7 Foods That Can Make Your Allergies Worse
Wine, spicy wings, and other surprising things that you may want to cut back on during allergy season.
Can your diet amp up your allergies?
When there's already a pollen storm out there and you're one of the 50 million Americans suffering from allergies each year, the last thing you want to do is make your symptoms worse. But if you eat or drink certain things, you can inadvertently add to your misery, says Tania Elliott, MD, a spokesperson for the American College of Allergy, Asthma, and Immunology. These are some common offenders you may want to take off your plate when your seasonal allergies are in full swing.
Wine is high in histamines, one of the chemicals the body pumps out when you have allergies. "During allergy season, your body produces chemicals that trigger an allergic response, the most predominant one being histamine, and it's largely responsible for itching, redness, swelling, and congestion," explains Dr. Elliott. "Eating histamine-containing foods in high quantities can increase the levels of histamine circulating in your body, and contribute to a symptom flare." Wine also packs other substances that can make you stuffed up and miserable. LTP, a protein in the skin of grapes, can trigger congestion, notes Dr. Elliott, as can byproducts of bacteria, yeast, and sulfites in some wines. Take it slow with the pinot, and avoid the 30 worst tips allergy doctors have ever heard.
If you've ever felt stuffed up or had a runny nose after eating aged cheeses like Parmesan, Gouda, and Manchego, it's not your imagination. One study published by Iowa State University found that certain microbes found in aged cheese can produce allergy-like reactions. Blame histamines in the cheese, not dairy, says Dr. Elliott: "There is no evidence to suggest that dairy makes your phlegm or mucous thicker." Check out these 30 things your allergist wishes you knew.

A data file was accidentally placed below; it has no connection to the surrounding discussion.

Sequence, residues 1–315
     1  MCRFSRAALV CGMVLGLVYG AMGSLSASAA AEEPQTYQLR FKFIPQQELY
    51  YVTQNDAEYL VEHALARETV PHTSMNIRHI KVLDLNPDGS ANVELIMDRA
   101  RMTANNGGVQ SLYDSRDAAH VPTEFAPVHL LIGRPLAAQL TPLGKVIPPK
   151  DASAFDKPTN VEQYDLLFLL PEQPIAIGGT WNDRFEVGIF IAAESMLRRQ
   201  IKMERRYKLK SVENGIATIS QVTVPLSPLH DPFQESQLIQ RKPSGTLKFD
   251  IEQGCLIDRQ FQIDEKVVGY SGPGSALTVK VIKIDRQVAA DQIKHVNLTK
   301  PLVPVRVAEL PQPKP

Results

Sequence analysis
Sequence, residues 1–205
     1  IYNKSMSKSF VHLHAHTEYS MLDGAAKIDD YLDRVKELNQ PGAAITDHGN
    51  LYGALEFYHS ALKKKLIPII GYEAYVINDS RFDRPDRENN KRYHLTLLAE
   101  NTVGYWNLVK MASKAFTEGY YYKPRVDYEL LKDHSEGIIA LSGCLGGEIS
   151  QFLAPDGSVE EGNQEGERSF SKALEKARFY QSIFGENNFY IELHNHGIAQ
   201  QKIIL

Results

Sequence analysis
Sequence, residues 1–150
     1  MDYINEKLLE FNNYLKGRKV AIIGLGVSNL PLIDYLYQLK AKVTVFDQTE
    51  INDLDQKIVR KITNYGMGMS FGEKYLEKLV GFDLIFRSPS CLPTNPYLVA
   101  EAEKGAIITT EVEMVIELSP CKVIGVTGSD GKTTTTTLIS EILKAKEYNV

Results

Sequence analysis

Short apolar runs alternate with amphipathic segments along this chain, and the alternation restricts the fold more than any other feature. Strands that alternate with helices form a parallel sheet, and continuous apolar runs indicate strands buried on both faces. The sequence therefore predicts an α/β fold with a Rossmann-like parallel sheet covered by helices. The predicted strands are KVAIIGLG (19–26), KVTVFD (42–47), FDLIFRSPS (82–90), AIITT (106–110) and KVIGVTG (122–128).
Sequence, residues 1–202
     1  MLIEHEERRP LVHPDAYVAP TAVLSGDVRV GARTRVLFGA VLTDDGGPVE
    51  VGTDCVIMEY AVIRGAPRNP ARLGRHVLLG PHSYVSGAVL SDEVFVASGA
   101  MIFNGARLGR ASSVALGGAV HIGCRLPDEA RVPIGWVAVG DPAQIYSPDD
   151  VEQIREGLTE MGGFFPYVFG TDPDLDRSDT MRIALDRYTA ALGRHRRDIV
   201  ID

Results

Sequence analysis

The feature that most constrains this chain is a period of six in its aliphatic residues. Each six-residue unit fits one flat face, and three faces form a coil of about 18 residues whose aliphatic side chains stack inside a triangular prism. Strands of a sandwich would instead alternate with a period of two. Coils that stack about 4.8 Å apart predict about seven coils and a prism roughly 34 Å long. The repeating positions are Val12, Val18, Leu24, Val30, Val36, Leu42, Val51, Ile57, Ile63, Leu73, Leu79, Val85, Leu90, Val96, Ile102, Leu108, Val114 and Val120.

Fruit is good for you, but many varieties, including berries, have a protein in their skin that is similar to pollen. "If you are known to be allergic to birch or alder pollen avoid berries, particularly strawberries which are among the most widely consumed fruit," says Shawn Nasseri, MD, ENT-otolaryngologist in Beverly Hills, California. "In those with berry allergies, the body sees the fresh fruit as a toxin releasing histamines to fight it commonly causing symptoms such as swelling, rashes, and gastrointestinal issues." Additional symptoms are runny rose and scratchy throat which can exacerbate similar seasonal allergy symptoms. Mild symptoms, he notes, can be treated with antihistamines. Make sure you know these 13 dangerous food allergy myths you shouldn't believe.
Cocktails of any kind
Drinking any alcohol can cause stuffiness, though this isn't an allergy. "Alcohol causes dilation of the blood vessels, which can contribute to flushed skin and congestion," Dr. Elliott says. When you're having an allergy flare-up, however, the last thing you need is something that adds to that itchy-stuffy feeling. Incidentally, drinking booze can also make an allergic reaction to food more severe, which is yet another reason to drink in moderation. Are you drinking too much? These 7 signs point to yes.